Resolving Ambiguity

Cases

Brown v. Canada, 2014 FCA 301

statute void for uncertainty only if no guidance as to what to legally debate

In rejecting a taxpayer submission that "the Act is null and void ‘due to vague and convoluted interpretations in the [Act]'" and, in particular, that definitions of various terms including "taxpayer" and "business" were vague, Webb JA quoted with approval (at para. 10) the statement of Lord Denning in Fawcett Properties Ltd. v. Buckingham County Council, [1961] A.C. 636 at 676 that "when a statute has some meaning, even though it is obscure, or several meanings, even though there is little to choose between them, the courts have to say what meaning the statute is to bear, rather than reject it as a nullity," and (at para. 11) of Gonthier J. in R. v. Nova Scotia Pharmaceutical Society, [1992] 2 S.C.R. 606 that "a law will be found unconstitutionally vague if it so lacks in precision as not to give sufficient guidance for legal debate."

Goar, Allison & Associates Inc. v. The Queen, 2009 DTC 653, 2009 TCC 174 (Informal Procedure)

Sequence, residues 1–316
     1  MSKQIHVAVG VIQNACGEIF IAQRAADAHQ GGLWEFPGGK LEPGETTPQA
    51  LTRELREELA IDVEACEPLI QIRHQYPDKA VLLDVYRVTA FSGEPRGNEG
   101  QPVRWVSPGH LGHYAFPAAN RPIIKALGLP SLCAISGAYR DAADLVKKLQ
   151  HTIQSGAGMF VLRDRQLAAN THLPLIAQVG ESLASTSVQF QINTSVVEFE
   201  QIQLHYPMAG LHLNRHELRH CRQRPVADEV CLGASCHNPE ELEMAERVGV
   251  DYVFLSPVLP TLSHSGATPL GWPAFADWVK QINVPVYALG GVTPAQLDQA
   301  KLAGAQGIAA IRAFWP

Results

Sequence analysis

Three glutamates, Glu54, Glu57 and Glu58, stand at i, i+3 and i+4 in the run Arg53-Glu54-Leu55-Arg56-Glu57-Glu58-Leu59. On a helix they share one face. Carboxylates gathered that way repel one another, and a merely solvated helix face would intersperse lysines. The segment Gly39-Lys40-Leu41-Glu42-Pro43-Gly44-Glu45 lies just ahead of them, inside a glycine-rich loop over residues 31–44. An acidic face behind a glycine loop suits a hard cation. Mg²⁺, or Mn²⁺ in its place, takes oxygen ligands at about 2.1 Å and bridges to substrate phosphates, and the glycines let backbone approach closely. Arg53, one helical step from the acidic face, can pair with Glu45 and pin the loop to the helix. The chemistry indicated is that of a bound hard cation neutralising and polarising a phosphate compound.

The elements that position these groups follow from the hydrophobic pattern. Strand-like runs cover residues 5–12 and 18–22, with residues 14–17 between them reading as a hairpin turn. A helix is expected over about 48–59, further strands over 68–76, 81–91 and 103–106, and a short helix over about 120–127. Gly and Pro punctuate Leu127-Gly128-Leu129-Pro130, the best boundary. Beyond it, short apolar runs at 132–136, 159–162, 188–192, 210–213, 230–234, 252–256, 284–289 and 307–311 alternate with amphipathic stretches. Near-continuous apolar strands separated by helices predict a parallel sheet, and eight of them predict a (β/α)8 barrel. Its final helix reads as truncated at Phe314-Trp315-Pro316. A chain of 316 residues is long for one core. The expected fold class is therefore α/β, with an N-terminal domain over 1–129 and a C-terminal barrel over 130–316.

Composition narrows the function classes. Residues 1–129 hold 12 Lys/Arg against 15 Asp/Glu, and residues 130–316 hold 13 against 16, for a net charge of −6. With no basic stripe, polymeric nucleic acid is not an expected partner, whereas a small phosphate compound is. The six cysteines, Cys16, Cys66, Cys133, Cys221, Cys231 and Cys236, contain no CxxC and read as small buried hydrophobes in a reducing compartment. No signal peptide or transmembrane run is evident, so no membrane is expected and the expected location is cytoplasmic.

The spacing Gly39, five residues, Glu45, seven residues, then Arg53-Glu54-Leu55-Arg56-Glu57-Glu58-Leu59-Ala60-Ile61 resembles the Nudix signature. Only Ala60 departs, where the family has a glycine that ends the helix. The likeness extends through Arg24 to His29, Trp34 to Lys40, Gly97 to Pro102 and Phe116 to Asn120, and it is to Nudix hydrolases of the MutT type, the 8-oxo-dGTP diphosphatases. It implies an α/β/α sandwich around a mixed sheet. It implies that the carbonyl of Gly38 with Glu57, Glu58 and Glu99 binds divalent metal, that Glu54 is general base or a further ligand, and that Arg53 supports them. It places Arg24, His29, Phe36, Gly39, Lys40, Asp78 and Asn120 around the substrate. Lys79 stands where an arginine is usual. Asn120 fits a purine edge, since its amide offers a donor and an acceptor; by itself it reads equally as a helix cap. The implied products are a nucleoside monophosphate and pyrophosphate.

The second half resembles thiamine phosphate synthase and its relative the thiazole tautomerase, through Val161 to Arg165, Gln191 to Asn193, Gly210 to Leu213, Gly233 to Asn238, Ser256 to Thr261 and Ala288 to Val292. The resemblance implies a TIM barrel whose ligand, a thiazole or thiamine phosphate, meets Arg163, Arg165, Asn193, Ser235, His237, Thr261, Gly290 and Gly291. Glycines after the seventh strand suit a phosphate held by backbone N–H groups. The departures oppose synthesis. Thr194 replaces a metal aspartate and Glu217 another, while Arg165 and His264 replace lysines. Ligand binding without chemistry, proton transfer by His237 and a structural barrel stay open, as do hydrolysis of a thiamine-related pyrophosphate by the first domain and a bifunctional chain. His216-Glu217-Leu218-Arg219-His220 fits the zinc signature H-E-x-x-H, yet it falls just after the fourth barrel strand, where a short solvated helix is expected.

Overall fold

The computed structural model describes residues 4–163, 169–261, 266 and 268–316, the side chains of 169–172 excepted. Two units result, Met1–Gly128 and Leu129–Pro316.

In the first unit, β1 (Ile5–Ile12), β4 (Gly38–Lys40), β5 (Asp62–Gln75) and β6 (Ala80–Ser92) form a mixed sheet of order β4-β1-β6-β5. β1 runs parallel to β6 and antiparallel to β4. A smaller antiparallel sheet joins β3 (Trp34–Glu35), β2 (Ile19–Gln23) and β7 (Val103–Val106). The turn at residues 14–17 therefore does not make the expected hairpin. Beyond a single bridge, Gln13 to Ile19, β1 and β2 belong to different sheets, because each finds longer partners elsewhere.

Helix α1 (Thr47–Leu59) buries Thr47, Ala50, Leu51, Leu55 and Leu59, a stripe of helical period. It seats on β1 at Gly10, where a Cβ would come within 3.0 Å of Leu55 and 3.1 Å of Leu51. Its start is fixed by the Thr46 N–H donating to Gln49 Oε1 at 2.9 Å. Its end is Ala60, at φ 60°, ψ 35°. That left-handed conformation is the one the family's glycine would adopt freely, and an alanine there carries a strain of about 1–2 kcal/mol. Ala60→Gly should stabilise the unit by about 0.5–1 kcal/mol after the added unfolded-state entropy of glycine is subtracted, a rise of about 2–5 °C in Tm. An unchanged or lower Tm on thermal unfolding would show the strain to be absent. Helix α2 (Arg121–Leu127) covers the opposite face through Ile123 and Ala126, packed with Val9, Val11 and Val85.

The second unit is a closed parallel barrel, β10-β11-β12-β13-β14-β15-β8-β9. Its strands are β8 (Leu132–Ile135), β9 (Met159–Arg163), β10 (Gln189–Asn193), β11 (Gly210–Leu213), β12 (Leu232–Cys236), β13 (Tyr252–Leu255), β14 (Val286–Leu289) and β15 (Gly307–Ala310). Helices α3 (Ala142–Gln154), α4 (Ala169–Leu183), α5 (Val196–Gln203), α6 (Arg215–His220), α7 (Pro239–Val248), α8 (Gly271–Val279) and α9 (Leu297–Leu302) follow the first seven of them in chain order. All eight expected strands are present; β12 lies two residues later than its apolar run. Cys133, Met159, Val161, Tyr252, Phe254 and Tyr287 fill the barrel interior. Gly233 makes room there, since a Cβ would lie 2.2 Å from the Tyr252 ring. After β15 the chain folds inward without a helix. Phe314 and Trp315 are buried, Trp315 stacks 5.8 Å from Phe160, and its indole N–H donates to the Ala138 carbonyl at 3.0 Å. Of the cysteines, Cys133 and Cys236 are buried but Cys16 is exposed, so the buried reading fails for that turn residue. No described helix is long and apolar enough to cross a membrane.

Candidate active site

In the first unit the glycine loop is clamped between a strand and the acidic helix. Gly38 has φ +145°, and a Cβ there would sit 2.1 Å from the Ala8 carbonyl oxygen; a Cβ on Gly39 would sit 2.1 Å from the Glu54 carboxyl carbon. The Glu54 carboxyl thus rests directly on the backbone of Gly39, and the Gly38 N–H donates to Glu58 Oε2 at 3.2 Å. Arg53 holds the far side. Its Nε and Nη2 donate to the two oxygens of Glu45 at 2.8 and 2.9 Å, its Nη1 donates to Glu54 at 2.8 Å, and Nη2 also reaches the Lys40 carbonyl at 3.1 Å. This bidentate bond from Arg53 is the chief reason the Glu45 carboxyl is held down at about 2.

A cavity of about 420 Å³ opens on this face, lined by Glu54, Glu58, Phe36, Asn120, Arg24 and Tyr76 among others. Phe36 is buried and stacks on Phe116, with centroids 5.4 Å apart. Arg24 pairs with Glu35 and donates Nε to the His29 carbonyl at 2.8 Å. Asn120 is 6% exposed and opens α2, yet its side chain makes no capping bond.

After finding that the taxpayer was not liable to a penalty under s. 162(2.1) of the Act, C. Miller, J. stated (at para 12):

where the Government penalizes a taxpayer and in this case a non-resident, I am of the view that such penalty provision should be absolutely crystal clear. If there is ambiguity, it should be resolved in favour of the taxpayer. However, in this particular provision, I find no ambiguity.

Gendis Inc. v. Attorney General of Canada, 2007 DTC 5634, 2006 MBCA 58

After describing at para. 76, a statement in the taxpayer's factum, that "where the words of the statute are clear and plain, other techniques of interpretation cannot alter the result" as "rigid or simplistic" the Court went on to state (at para. 85):

The Supreme Court has recognized that except in the rarest of cases where the language admits of absolutely no doubt or ambiguity, the object and purpose of legislation plays a fundamental role in any statutory interpretation, and that the oft-cited quote from Drieger referred to in Stubart Investments best encapsulates the preferred approach.